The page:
Current state of greyhound racing regulation

Since 2015, when it was shown that horrific and cruel practices, such as live baiting, were common practice in the greyhound racing industry, states and territories have generally attempted to establish some kind of regulation of the industry. 

Victoria, SA, WA and the Northern Territory do not have independent regulators responsible for animal welfare. This means that the state racing body is responsible for both regulation of the industry and its commercial development, promotion and marketing.

Even those states with independent regulators, are tasked with promoting a successful industry. This conflict is failing the greyhounds. 

CPG is conducting a state-by-state assessment of the respective regulatory frameworks and their effectiveness in prioritising animal welfare and holding those who do not comply with requirements to account for their actions.

“This self-regulatory model fails to ensure that the welfare of greyhounds is prioritised and can lead to serious conflicts of interest, such as the use of financial incentives to promote greyhound breeding which in turn increase wastage rates.”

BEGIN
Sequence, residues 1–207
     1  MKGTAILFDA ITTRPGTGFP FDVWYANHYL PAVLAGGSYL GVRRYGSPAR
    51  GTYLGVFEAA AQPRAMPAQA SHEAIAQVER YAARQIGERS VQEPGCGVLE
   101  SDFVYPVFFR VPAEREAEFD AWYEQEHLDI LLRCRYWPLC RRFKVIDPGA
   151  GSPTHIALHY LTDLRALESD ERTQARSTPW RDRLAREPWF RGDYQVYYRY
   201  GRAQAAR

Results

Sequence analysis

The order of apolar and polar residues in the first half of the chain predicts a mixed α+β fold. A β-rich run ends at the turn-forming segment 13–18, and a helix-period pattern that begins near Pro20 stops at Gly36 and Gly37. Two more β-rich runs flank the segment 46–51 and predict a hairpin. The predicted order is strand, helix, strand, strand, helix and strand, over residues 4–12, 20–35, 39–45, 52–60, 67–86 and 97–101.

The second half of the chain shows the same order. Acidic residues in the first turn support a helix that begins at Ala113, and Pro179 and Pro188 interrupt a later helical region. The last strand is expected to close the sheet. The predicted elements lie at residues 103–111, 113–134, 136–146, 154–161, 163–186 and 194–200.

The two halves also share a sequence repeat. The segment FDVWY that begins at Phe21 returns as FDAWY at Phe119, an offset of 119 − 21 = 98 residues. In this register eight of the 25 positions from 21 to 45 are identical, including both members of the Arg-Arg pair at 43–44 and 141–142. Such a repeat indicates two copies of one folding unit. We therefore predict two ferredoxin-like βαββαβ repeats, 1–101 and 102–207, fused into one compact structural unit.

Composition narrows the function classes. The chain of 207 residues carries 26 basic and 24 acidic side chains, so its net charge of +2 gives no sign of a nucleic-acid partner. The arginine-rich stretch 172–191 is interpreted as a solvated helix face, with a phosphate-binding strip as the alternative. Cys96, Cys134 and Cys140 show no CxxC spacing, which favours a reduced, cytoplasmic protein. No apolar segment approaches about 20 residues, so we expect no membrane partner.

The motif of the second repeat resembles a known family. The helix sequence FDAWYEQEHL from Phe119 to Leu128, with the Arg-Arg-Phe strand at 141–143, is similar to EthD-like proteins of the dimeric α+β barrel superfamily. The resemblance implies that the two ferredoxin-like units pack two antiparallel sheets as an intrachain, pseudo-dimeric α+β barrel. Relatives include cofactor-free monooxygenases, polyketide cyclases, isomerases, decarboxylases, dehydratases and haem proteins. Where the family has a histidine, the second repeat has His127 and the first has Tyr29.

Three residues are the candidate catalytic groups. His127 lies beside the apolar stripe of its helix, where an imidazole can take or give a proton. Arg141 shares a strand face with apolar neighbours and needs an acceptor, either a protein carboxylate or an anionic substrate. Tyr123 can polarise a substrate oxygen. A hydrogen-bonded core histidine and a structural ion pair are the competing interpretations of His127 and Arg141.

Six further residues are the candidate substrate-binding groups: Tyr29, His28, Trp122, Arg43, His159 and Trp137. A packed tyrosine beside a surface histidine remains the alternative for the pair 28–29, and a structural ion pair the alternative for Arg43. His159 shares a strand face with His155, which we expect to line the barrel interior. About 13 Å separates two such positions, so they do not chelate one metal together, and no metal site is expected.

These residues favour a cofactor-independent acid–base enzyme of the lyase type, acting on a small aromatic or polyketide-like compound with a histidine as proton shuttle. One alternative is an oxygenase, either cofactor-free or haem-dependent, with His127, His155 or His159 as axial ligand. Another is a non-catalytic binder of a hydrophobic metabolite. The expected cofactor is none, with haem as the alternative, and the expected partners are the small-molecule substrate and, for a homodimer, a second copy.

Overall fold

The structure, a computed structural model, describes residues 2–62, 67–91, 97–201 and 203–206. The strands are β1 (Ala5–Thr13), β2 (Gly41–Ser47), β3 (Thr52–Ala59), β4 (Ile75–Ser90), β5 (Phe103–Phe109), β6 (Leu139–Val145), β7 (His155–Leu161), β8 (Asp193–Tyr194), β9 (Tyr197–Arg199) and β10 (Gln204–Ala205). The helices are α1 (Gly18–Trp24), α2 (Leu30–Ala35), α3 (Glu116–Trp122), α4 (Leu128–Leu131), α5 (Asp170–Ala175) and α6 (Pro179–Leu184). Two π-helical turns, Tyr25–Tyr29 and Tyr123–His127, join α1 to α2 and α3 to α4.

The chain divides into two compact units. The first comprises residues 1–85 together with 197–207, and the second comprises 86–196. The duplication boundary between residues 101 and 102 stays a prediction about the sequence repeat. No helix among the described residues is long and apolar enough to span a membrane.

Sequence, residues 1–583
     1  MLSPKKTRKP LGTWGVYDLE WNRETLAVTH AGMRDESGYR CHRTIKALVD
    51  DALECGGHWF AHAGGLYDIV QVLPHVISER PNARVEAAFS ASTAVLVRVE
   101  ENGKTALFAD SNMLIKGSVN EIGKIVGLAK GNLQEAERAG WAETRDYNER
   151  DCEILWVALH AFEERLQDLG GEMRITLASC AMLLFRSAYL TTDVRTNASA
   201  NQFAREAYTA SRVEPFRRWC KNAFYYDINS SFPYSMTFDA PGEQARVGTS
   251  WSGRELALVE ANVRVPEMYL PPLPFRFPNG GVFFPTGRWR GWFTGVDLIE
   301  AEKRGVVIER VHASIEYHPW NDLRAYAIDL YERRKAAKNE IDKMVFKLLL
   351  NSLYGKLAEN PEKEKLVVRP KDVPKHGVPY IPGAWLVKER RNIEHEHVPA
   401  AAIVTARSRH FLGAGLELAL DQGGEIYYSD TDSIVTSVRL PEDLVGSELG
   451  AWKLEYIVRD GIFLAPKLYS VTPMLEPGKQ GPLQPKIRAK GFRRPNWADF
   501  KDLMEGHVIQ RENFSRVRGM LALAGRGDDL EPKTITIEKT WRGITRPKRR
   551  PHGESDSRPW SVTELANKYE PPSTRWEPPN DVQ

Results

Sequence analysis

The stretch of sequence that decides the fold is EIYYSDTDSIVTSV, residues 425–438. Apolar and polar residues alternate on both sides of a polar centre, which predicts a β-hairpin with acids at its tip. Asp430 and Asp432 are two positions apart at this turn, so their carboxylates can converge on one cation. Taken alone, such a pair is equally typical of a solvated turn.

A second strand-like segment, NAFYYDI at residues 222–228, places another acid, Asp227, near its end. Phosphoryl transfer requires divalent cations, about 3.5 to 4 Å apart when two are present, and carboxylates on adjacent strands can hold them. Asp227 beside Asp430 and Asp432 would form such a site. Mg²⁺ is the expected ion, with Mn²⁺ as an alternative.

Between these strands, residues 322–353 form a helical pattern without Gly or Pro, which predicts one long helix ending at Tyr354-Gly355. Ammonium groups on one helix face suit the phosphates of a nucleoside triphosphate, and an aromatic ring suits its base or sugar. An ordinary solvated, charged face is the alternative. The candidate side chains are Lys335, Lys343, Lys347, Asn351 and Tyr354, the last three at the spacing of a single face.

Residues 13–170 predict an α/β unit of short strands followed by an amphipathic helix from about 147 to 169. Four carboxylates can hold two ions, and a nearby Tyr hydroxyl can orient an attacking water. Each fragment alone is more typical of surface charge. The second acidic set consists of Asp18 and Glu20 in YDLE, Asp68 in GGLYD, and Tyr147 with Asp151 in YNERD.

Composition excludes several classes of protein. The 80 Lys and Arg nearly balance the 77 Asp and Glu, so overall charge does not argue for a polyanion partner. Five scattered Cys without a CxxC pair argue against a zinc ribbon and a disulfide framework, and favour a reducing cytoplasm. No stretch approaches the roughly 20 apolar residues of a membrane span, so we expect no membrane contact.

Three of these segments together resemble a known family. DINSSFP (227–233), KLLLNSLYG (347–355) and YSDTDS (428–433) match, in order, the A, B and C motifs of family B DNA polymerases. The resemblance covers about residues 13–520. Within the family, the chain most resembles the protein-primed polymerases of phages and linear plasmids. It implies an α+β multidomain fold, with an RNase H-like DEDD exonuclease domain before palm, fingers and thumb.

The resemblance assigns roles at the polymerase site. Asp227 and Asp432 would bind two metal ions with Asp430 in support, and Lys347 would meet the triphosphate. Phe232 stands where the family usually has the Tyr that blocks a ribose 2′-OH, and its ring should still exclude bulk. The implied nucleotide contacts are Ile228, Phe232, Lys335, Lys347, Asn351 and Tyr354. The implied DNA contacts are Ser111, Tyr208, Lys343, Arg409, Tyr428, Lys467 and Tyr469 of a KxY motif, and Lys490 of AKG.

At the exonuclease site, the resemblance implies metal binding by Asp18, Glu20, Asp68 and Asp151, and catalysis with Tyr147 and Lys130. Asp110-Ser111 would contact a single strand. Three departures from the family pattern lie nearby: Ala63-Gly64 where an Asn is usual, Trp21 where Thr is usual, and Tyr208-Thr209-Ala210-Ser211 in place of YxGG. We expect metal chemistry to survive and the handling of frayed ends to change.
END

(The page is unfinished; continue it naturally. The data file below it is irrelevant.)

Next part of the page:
RSPCA Australia

Racing Regulation: South Australia

In the first paper to be released, CPG examines the South Australian approach to regulating the greyhound racing industry.

Key findings include:
  • Greyhound Racing SA (GRSA) routinely prioritises continuity of racing over implementing sanctions that might deter breaches of the rules by other industry participants. 
  • GRSA’s doping control program is antiquated and predictable, which makes it easy to plan doping programs around race days. 
  • Greyhound welfare plays second fiddle to marketing and commercial considerations. 
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